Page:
Song "Rookie" Eui-jin is comfortable.
Over the years, comfort is something you could say the newly crowned League of Legends world champion lacked. Since departing from his home country South Korea at the end of 2014 to begin the next chapter of his professional career in China, it has been a constant struggle between warring sides. Is he a South Korean player, or, after adopting China as his new home and tirelessly working to become fluent in Mandarin, a Chinese player?
While his ID is "Rookie," can we still consider him a young lion finding his footing on the international scale, or is he now a veteran in dire need of team hardware to dignify his standing?
Even after creating his own path in China, is Rookie his own man? Or is he still in the shadow of the best player to ever download the game, Lee "Faker" Sang-hyeok?
After winning the Summoner's Cup a month ago in Incheon, bawling as he thanked his fans in both Korean and Mandarin on the champion stage, none of those questions seemed to matter anymore.
Rookie, smiling at the League of Legends All-Star event in Las Vegas, was comfortable. He was wearing an expensive jacket, fancy designer watch and carrying around a Balenciaga bag for good measure. At an event where Faker and the other best players in the world were on display, he was no longer in the shadow.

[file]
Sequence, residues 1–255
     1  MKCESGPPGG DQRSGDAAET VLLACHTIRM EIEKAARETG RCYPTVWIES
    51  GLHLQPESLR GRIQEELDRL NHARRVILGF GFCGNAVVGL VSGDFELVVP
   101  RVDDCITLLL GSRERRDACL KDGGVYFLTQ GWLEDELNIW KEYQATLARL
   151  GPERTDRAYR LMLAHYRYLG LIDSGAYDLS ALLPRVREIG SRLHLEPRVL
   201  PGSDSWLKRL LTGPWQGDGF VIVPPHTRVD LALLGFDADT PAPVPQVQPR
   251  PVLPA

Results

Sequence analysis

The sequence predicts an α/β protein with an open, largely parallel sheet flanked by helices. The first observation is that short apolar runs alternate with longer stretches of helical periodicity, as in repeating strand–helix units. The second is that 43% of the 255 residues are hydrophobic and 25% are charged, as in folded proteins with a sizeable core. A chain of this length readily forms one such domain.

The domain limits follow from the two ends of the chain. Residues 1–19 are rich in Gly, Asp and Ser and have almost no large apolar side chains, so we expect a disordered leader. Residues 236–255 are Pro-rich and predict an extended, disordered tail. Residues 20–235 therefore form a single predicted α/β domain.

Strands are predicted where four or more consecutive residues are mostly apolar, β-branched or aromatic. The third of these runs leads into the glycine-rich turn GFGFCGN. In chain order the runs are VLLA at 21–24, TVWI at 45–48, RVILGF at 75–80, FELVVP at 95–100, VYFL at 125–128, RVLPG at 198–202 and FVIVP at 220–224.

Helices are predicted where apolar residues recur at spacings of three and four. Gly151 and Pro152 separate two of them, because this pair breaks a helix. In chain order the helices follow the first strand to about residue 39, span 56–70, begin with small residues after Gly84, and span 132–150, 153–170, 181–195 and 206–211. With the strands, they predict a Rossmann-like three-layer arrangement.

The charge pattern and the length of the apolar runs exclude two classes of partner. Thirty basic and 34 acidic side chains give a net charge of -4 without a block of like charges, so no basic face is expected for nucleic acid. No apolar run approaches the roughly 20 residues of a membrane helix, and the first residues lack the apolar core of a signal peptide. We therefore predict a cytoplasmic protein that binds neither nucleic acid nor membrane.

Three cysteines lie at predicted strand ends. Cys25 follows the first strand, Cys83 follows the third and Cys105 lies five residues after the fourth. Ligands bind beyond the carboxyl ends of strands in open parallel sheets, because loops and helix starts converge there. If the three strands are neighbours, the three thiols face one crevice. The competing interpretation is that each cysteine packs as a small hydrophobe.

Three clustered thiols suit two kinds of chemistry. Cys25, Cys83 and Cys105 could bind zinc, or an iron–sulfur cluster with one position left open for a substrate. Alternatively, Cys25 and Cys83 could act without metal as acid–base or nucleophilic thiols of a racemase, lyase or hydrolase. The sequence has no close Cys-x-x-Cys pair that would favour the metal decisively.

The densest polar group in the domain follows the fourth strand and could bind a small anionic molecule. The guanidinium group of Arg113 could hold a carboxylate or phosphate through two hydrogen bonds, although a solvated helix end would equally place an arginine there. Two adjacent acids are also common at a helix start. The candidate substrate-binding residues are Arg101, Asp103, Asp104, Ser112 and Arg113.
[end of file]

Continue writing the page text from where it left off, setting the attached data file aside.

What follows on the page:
He was under the spotlight, and it suited him just fine.
"Fashion and clothing is a way for me relieve stress," Rookie said about his outfit following the second day of the weekend-long event. "When I get stressed out, I go shopping or kinda browse around to see what I like and what looks good. I find I'm not as stressed anymore afterward. All the pieces of my clothing are similar, so I really don't look at it as [what's the most expensive] but how much I like it."
Everything, like his outfit, came together at the right time in 2018.
Although Invictus Gaming ran roughshod over the Chinese domestic league in both spring and summer split regular seasons, they failed to capitalize in the playoffs and came up just short in the summer versus rival Royal Never Give Up. The team, filled to the brim with raw, mechanical talent, appeared to have shortcomings when placed in a best-of-five format with the more cohesive teams in the league like RNG. Come Worlds, although a favorite to do well, the attention of possibly becoming China's first League of Legends world champion went to Royal, the golden boys of the domestic league, winning both the spring and summer split whilst also capturing the Mid-Season Invitational title in between.